Are You a Co-Signer on a Student Loan?

When Congress resolved the latest debt ceiling with the passing of The Financial Responsibility Act of 2023, both parties agreed to stop the forbearance on student loans payments. Federally backed student loan payments have been paused for the past three years due to the pandemic. Payments on student loans are set to resume following this September and many are not going to be prepared for this.

If you have co-signed (or endorsed) for a student loan, it is imperative that you contact your child or person that you co-signed for and make sure they’re able to make payments. If they do not make their payments, odds are you will not be notified, and your credit will suffer as if you were the one not making the payments. If you’re late on a federal debt, like most student loans, it will impact qualifying for an FHA or other government backed mortgages.

Most federally backed student loans do not require a co-signer or endorser (which is essentially the same as a cosigner) unless the student had adverse credit. Private student loans are not impacted by The Financial Responsibility Act (the act only federally backed student loans). NOTE: If you have co-signed for a private student loan, you may be able to request a release as a co-signer if the student meets requirements.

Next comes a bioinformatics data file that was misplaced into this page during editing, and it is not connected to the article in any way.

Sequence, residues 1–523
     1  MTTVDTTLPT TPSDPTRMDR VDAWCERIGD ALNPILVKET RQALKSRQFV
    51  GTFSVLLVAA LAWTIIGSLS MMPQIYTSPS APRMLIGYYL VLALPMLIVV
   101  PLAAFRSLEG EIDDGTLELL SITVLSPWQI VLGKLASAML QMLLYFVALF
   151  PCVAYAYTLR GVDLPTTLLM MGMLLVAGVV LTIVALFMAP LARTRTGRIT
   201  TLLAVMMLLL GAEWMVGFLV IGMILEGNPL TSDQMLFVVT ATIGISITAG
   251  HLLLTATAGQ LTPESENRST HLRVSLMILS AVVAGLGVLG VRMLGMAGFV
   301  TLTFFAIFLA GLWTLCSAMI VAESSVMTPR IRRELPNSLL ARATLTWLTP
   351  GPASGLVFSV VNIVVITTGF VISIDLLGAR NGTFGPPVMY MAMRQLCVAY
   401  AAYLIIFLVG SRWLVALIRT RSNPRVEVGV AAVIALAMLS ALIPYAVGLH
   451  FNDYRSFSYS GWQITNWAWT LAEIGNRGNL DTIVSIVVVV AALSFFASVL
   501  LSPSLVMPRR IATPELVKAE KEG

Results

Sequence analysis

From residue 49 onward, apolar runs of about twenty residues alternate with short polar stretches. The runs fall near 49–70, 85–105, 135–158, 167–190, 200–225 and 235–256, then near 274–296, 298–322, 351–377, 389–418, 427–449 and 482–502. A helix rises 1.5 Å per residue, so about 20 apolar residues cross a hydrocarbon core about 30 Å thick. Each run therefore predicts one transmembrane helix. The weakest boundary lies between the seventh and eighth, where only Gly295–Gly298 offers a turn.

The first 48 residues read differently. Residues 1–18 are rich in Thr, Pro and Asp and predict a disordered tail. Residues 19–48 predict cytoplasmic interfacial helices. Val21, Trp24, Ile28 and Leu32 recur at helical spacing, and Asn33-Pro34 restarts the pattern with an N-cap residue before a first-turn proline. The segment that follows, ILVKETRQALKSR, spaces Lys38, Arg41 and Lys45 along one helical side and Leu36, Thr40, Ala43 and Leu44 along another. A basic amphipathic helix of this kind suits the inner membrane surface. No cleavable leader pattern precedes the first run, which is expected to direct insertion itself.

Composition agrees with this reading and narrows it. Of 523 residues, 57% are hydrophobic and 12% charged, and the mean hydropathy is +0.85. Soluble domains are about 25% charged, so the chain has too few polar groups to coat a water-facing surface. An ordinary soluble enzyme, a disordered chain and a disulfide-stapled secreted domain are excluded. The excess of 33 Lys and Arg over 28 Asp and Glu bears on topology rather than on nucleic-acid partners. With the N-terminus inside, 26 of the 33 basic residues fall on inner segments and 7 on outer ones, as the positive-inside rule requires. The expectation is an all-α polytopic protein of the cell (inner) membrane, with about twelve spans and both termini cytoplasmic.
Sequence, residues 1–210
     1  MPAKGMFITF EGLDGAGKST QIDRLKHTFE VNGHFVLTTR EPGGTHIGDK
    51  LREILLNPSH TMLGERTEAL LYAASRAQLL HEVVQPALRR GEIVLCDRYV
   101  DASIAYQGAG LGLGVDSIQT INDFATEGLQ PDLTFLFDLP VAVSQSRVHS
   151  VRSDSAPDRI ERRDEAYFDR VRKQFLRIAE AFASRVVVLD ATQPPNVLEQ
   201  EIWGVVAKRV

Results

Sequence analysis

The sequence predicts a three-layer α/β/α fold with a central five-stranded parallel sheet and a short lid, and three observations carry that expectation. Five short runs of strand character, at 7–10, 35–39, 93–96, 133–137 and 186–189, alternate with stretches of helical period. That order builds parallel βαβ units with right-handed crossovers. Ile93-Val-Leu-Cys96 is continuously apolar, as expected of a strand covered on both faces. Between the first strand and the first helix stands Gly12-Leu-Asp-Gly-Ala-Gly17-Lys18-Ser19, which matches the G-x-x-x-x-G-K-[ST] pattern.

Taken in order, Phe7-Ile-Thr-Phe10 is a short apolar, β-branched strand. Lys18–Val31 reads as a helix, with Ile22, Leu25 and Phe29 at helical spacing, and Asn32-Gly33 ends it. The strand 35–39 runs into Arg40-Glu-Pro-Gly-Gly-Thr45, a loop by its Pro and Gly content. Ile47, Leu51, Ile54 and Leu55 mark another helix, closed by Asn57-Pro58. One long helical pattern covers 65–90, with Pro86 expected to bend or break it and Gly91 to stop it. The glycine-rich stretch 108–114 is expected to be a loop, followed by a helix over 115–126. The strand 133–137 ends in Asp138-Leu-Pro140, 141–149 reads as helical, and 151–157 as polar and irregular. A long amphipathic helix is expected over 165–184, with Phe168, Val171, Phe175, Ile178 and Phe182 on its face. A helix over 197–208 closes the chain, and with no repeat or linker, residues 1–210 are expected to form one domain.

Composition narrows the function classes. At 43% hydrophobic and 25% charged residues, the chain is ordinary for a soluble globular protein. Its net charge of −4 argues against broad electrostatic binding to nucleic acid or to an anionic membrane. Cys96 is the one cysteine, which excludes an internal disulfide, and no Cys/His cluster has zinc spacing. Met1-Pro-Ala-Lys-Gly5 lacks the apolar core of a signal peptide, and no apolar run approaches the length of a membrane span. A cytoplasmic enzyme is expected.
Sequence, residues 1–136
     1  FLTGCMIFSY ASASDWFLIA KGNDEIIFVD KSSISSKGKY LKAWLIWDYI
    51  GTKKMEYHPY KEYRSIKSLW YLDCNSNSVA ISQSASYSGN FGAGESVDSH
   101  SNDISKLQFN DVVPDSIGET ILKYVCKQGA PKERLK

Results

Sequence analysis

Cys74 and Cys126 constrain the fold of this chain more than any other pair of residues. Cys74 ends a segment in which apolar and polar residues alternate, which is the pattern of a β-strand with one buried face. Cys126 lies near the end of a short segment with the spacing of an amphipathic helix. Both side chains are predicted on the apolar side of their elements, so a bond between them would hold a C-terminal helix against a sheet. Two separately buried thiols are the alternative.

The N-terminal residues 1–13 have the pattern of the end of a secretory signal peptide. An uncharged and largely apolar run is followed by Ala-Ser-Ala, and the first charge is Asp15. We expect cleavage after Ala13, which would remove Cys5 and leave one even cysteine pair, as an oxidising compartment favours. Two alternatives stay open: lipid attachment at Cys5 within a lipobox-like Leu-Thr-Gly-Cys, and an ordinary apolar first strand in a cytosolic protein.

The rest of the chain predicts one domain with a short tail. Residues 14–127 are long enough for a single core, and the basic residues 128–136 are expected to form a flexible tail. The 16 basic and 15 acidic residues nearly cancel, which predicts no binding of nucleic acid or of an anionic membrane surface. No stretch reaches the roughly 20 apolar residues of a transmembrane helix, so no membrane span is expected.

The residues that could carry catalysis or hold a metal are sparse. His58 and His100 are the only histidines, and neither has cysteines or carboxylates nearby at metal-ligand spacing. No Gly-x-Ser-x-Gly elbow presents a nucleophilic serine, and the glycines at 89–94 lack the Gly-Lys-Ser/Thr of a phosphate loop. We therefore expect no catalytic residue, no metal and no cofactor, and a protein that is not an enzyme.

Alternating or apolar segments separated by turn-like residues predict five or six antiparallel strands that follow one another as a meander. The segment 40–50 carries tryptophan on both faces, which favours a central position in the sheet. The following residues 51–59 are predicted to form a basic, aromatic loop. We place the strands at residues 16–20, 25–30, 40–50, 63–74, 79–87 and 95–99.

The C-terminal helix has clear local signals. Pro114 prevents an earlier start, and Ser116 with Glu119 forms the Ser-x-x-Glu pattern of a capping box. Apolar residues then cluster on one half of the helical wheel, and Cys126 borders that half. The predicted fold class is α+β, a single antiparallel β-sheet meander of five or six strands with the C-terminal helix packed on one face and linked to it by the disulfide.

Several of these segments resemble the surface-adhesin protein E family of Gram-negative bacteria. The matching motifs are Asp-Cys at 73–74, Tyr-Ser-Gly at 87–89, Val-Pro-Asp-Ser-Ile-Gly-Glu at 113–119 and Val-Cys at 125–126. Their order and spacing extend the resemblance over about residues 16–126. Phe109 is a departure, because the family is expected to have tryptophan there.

It’s likely over the past three years, the person with the deferred student loan has taken on more debts, maybe a new home or car or the payments on their credit cards have increased because of the higher interest rates.

It’s reported that 45 million Americans have student loan debt with an average amount owed of $38,000 and an average payment around $350. Over the past three years, with no payment due, lenders could use 0.5 to 1% of the debt owed to factor in a payment for the purposes of qualifying for a new mortgage. Once the payments start up, lenders will use the actual student loan payment when qualifying for a new mortgage. My purpose for this post is not about qualifying for a new mortgage – it’s to give parents, grandparents and those who have co-signed a heads up!

Please do check with anyone you’ve co-signed for (honestly, I would do this for ANY debt I’m a co-signer on) to make sure they’re prepared to make the payments and that you’re credit is not in jeopardy.

There may be other options available to help people with student loan debt. Homeowners to be able to refinance the debt without it being treated as a “cash-out” refi. Some may qualify to restructure the payments based on their income and some may have a portion of their debt forgiven.  There is a lot of confusion over this topic.  And unfortunately, there are a lot scammers out there trying to take advantage of this confusion.

Bottom line, when you co-sign on a debt, it is essentially your debt (or your responsibility) too. If someone is having to chose between making their housing payment or paying for a student loan, in my opinion, it’s likely some will choose to skip on the student loan unknowingly causing damage to those who co-signed for them years ago.

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